Namdaemun (gate)

From New World Encyclopedia
Namdaemun (gate)
Korean name
Hangul 남대문 (숭례문)
Hanja 南大門 (崇禮門)
Revised Romanization Namdaemun (Sungnyemun)
McCune-Reischauer Namdaemun (Sungnyemun)

The South Korean government awarded Namdaemun, officially called Sungnyemun (숭례문, "Gate of Exalted Ceremony"), the honor of "National Treasure No.1," on December 20, 1962.[1] Also known as the Great South Gate, Namdaemun is considered an excellent example of Yi Dynasty architecture. When originally built, Namdaemun towered over the palaces and low-standing buildings of Seoul. Now, skyscrapers dwarf the gate, giving the viewer the sense of standing between two ages.

Although Seoul has four large gates and five minor gates, only Namdaemun has been designated a National Treasure. It was designated South Korea's National Treasure #1 because in 1962, when the South Korean government inaugurated the establishment of National Treasures, Namdaemun constituted the zenith of Confucian architecture. The Great South Gate, imposing and impressive by the time King Sejong rebuilt it in the 1470s, greeted all Chinese and Japanese dignitaries coming to visit the King. That is the only gate they could enter.

Confucianism had been woven into the fabric of Korean society before the Yi Dynasty but afterwards it reigned supreme. In a sense, Namdaemun symbolizes both the sovereign power of the Korean empire and the dominant place of Confucianism in Korean politics, culture, and religion.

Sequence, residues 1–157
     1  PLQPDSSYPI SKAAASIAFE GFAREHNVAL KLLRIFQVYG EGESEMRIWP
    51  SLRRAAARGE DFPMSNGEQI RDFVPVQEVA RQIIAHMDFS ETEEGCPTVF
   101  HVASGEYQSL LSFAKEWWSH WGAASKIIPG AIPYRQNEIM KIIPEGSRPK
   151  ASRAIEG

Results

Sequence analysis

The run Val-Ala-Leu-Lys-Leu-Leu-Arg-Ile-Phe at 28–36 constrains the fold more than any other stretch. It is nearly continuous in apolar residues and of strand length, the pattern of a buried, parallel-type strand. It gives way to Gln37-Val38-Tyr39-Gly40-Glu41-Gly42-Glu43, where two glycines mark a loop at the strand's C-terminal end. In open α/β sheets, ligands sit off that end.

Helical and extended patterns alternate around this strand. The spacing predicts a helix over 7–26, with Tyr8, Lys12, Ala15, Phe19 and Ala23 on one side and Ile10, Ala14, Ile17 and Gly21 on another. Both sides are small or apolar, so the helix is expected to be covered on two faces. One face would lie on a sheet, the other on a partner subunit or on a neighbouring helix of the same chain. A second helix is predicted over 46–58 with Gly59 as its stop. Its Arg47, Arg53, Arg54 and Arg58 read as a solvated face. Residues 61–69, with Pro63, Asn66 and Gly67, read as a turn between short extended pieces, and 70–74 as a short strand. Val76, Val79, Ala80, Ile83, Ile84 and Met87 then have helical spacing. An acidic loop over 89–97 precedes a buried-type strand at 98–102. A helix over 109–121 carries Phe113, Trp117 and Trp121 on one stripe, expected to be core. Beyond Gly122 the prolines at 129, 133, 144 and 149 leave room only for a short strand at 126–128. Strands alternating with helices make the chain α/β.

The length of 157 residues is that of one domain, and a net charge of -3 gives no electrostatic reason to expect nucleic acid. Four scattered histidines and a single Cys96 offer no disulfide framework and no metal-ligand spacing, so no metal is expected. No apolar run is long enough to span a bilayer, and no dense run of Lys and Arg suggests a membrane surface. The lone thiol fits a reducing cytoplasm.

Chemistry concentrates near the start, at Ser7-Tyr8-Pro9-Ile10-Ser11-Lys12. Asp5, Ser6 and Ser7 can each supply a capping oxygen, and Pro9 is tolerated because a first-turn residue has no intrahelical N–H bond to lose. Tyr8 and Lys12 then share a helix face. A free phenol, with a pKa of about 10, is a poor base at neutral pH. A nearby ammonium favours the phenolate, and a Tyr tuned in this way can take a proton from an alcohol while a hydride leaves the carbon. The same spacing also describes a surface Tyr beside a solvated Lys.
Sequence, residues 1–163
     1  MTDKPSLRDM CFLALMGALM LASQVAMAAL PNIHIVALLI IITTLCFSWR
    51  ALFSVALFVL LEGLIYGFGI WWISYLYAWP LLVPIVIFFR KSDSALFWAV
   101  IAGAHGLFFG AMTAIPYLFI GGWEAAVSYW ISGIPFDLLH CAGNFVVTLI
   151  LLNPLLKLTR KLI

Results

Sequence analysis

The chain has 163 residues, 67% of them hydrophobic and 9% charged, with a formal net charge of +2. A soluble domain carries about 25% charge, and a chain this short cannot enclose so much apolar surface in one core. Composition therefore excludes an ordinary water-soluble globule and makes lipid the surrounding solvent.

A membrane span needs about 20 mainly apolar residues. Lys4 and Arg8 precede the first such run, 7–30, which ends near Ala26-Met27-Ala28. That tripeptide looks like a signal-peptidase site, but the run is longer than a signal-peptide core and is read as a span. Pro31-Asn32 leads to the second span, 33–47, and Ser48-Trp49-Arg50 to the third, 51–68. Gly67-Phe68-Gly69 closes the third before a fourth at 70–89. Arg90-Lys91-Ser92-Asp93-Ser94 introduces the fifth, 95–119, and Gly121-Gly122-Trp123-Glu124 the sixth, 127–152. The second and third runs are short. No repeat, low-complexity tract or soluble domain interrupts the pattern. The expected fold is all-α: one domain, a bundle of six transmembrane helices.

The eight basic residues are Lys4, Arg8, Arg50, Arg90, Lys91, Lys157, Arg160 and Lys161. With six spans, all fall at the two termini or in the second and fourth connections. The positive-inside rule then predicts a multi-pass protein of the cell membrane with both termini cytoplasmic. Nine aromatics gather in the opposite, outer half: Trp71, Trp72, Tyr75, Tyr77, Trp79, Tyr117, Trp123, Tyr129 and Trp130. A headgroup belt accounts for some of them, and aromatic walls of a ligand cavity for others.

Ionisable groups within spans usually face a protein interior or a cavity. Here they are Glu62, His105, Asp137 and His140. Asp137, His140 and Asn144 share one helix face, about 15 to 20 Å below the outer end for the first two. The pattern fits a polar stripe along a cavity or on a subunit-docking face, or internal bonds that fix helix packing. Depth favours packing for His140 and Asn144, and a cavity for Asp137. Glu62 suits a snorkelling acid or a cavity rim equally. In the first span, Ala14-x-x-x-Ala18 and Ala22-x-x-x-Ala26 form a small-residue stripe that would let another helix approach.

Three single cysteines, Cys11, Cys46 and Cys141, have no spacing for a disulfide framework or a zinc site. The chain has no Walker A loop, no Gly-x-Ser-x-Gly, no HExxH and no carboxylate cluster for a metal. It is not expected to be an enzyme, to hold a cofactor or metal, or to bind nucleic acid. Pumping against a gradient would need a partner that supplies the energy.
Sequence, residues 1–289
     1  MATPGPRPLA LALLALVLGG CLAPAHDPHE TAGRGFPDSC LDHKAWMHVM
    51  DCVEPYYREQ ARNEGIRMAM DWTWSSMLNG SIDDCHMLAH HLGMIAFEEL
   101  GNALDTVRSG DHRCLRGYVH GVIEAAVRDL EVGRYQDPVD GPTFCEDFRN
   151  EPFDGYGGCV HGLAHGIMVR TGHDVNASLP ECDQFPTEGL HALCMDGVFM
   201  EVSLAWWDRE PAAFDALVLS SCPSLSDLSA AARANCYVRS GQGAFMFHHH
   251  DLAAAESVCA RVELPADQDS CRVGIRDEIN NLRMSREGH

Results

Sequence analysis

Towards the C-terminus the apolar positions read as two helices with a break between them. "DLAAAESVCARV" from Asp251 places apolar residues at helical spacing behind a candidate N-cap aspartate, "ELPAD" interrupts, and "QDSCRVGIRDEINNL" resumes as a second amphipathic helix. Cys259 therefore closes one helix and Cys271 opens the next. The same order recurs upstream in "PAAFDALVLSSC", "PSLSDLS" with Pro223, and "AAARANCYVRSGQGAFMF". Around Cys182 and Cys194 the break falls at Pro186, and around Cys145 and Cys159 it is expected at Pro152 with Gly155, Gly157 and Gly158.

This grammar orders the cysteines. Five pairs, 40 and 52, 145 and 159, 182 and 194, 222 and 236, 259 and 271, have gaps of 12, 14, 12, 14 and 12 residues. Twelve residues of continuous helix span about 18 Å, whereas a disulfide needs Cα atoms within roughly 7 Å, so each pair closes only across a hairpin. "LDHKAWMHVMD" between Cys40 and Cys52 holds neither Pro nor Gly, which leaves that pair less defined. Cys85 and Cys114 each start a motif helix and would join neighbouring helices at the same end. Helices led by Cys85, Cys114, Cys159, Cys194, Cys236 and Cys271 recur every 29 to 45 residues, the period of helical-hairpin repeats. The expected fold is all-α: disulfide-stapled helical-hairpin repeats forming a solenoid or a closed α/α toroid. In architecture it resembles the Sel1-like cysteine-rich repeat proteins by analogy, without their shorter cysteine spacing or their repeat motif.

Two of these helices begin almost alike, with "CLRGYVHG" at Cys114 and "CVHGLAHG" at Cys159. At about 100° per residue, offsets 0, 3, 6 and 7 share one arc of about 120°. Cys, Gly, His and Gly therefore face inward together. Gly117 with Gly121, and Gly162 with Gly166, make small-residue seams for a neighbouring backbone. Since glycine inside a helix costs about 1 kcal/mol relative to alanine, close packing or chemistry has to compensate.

Historical background

Seoul, the capital of Korea from the founding of the Joseon Dynasty in 1392 C.E. until today, had been a walled city with nine gates allowing traffic in and out of the city. The city founders constructed four main gates and five minor gates. The four main gates faced the four cardinal directions: North, south, east, and west. The south, east, and west gates opened at dawn and closed at dusk at the signal of the city bell. The north gate remained closed and was reserved for the king's escape to Pukhan Sansong or more distant fortifications during times of trouble. Namdaemun was the "southern gate." Yi T'aejo constructed all nine city gates along with the Namdaemun gate in the fourteenth century C.E.

Namdaemun is the oldest surviving wooden structure in Seoul. The construction of this gate began in 1395 C.E. during the fourth year of the reign of King Taejo of Joseon and was finished in 1398. Taejo directed architects to build Namdaemun facing Kwanak-san as a way of warding off the effects of the fire energy associated with that mountain and protecting the Kyǒngbok Palace.